I already touched on Amazon’s low revenue projections in another piece, but to come back and take another look, Peter Kafka has an interesting analysis on AllThingsD. He points out that, while Amazon is taking a revenue hit, it’s not another Netflix (which squandered the goodwill it had built up with its customers with a series of unpopular decisions, and at last count had lost 800,000 customers)—it’s burning money the old-fashioned way, by pouring it into solid, physical plant improvements and manufacturing products that should help it make more money in the future.
A lot of the money is going into Amazon’s old business, CFO Thomas Szkutak explained on yesterday’s conference call — the company is building out dozens of new distribution centers to help it ship all the physical stuff its customers still order. And a lot of the money is going into its new digital business — in particular, the new Kindle Fire.
Though he doesn’t go into the math, it’s pretty obvious if you think about it. If the Kindle Fire costs $150 to make, and Amazon makes a million of them (which is really a pretty conservative estimate given how many of the little buggers it can expect to sell), it has to pay $150 million to do that. And building the three new black-and-white Kindles in quantity will be expensive, too.
But when Amazon turns around and sells those Kindles at a profit ($50 per unit in the case of the Fire), not to mention all the additional books and other media it will sell to people who bought them, it will probably end up looking pretty good in a quarter or two.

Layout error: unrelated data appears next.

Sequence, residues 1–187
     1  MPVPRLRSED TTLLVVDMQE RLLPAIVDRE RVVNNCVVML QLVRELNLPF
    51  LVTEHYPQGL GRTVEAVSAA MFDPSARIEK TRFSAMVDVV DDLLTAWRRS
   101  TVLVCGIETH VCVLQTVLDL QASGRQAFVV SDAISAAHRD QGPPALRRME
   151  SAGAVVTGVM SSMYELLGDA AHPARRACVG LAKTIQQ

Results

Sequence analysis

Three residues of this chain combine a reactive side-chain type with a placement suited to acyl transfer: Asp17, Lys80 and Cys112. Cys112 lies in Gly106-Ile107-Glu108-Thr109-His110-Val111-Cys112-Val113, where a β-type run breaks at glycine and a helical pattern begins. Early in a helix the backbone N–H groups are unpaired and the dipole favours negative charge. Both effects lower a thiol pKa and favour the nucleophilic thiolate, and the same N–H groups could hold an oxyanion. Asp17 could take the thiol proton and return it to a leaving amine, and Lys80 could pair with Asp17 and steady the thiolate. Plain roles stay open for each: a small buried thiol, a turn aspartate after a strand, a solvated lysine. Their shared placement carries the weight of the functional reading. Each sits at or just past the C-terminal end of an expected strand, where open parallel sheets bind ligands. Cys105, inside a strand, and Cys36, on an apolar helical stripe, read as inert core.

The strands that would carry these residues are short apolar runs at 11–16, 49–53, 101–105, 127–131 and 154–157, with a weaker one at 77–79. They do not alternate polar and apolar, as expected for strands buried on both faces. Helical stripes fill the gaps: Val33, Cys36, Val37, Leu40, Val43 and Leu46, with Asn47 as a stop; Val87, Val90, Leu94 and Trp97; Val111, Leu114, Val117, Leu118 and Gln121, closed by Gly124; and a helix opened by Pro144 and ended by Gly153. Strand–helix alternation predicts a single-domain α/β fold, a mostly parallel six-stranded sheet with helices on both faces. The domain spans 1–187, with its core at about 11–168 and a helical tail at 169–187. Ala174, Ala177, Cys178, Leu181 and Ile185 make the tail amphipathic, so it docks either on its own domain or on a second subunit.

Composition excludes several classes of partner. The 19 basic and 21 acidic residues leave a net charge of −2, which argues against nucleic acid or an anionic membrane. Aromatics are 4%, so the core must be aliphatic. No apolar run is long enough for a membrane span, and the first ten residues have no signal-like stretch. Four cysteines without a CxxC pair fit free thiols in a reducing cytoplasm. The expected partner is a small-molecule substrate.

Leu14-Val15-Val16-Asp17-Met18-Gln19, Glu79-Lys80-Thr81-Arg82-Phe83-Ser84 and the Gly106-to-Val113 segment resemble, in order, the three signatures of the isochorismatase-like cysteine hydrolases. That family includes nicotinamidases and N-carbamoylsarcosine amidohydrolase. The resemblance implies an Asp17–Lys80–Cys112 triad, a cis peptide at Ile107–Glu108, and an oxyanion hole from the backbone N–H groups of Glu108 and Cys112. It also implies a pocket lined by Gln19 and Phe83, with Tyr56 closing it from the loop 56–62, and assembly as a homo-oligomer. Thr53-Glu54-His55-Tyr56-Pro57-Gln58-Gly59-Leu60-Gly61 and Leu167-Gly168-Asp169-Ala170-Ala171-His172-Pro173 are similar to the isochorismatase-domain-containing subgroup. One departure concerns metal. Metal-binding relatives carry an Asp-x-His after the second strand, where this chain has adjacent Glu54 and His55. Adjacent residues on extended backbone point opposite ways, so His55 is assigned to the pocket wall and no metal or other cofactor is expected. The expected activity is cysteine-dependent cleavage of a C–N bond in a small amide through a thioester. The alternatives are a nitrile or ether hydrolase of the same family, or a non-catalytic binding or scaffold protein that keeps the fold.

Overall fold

Of course, Wall Street can get a little jumpy in the short term, especially in this economy, so I wouldn’t be surprised to see Amazon’s stock prices fall a bit on this news—but the company should still be pretty solid in the longer term.
These arguments would be more convincing if it was not for the fact that profit margins at Amazon have been getting squeezed for quite a while now.
Does this company even turn a profit if the third party sales via marketplace listings are excluded? Fat chance of analysts ever trying to give us some real analysis as opposed to financial potboilers.
The explanation has to wrong. The expenditure to build Fires would not impact earnings: the cost is a cash flow item, but the payments go into inventory (and when the Fires are sold the difference between the released inventory and the sale price goes into profit or loss.)
Plus, as I mentioned in the comments of your previous post on the matter, Amazon’s not putting $50 in its pocket on these things. The cost of manufacturing the device might be $150, but there’s a cost associated with marketing and shipping these things. I imagine that those costs eat up all — and then some — of that remaining fifty bucks.
@Rob, not to mention the costs associated with having and training customer support/tech support folks.
Amazon is playing a very high risk game. It is aiming at market dominance. If competition comes along with generic eReaders and the choice of eBook sources improves considerably, or if Apple decide to turn their serious innovative attention on the market, then things won’t look so rosy for Amazon.